During this period, Lockhart's contributions to the Magazine were numerous and important, though wholly anonymous. From time to time, there appeared a series of letters almost exclusively devoted to attacks on Cockney School of Literature,” (whereof Leigh Hunt, William Hazlitt, John Keats, and Percy Bysshe Shelley were assumed to be the principal,) and the
Smith, Jeffrey, and Brougham, the eldest of the party was not 27. The earliest contributors, besides these, were Professors Playfair and Leslie, Malthus, Francis Horner, Dr. Walcot, (Peter Pindar,) Blomfield, (now Bishop of London,) and R. P. Knight.-M.
* Dr. J. W. Francis, of New-York, who was in Edinburgh in the winter of 1816, informs me that, about that time, Lockhart had obtained some little celebrity by several able speeches which he had delivered in the celebrated Speculative Society-a debating club, to which, by the way, no mercy was shown, three years later, in “ Peter's Letters.”—M.
unbounded and sarcastic personalities of these epistles, bearing the signature “ Z,” exceeded any thing which, up to that time, had been introduced into respectable periodical literature. It was reported and believed that Lockhart was the writer.
In Blackwood, for February, 1819, had appeared a review of “ Peter's Letters to his Kinsfolk,"--a work professing to be written by Dr. Peter Morris, of Pensharpe Hall, Aberystwith. No such book was then published, or written. It was said to contain the Doctor's letters from Edinburgh and Glasgow, during a visit to both places in the winter of 1818-19, treating most freely. indeed of the Whigs of Edinburgh-Scottish University Education—the Edinburgh and Quarterly Reviews the state of society in Edinburgh and Glasgow—the bar of Scotland, with sketches of its leading members--the
famous Glasgow punch-the state of religion, &c. This review, apparently · written by Mordecai Mullion, (one of Lockhart's numerous eidolons of the pen,)
excited so much curiosity, that “ Peter's Letters” was greatly inquired for. In the following month (March, 1819) a further and fuller review was given, with copious extracts, including descriptions of Clerk, Cranstoun, and Jeffrey, (the leading lawyers of the place and time,) and the sensation thus created and kept up was so considerable that the actual composition and publication of the work was determined on.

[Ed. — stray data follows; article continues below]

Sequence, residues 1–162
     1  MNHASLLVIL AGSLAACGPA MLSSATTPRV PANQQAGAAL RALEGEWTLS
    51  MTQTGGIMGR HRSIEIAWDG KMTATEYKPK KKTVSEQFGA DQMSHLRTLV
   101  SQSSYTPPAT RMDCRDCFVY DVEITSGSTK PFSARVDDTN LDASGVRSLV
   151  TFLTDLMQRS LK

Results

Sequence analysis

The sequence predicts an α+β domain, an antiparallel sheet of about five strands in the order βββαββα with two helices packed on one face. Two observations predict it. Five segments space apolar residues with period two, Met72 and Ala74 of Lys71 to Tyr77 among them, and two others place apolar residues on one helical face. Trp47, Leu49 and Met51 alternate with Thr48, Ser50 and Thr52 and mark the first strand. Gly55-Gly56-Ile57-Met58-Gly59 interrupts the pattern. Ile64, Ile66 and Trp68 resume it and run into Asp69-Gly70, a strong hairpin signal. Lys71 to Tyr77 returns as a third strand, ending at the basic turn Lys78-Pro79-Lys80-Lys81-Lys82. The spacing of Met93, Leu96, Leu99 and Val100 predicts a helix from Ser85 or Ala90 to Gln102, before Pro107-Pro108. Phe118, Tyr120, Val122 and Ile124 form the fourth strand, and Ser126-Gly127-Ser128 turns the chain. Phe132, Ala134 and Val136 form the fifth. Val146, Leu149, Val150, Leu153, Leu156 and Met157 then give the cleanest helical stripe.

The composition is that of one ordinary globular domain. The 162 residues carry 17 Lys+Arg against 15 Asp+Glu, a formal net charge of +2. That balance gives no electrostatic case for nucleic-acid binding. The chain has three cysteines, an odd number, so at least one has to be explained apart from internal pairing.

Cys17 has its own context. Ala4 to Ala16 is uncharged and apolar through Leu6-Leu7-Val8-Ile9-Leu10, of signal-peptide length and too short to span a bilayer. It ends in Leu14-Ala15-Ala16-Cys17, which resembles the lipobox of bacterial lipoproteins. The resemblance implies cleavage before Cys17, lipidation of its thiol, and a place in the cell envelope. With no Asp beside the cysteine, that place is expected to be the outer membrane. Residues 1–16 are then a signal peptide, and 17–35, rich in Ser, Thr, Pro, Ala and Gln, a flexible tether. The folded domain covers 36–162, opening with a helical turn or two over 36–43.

Accordingly, “Peter's Letters” was put into type as fast as written, and emanated, in July, 1819, from Blackwood's as the “ second edition.” It was, and continues to be, a work of great interest. Twenty years afterwards, Lockhart said, “Nobody but a very young and very thoughtless person could have dreamt of putting forth such a book.” Scott, after reading the work twice over, expressed his opinion that Dr. Morris had “ got over his ground admirably,” only that the general turn of the book was perhaps too favorable, both to the state of Scottish public society and of individual character. He added that, every half century, Dr. Morris should revive“ to record the fleeting manners of the age, and the interesting features of those who will be known only to posterity by their works.”
There was abundant outcry against “ Peter's Letters," at first, for the author had keenly assaulted and ridiculed the Edinburgh Whigs, but the merit of the work was great, and has carried it into repeated editions. The descriptions of Edinburgh and Glasgow are appreciative and racy,—the sketches of Jeffrey and his distinguished contemporaries are forcibly, yet delicately done,—the glance at Henry Mackenzie has produced a sun-portrait, so true is it in all respects,—Wilson, Hogg, Playfair, Brewster, Jameson, and Lord Buchan are portraits. So are the theatrical etchings, and the broad, Raeburn-like fulllengths of the Scottish bar, judges and advocates. Very vivid, too, are the de. lineations of leading book-makers and booksellers,—the con amore criticisms upon the Fine Arts in Scotland,—the faithful account of Abbotsford, and its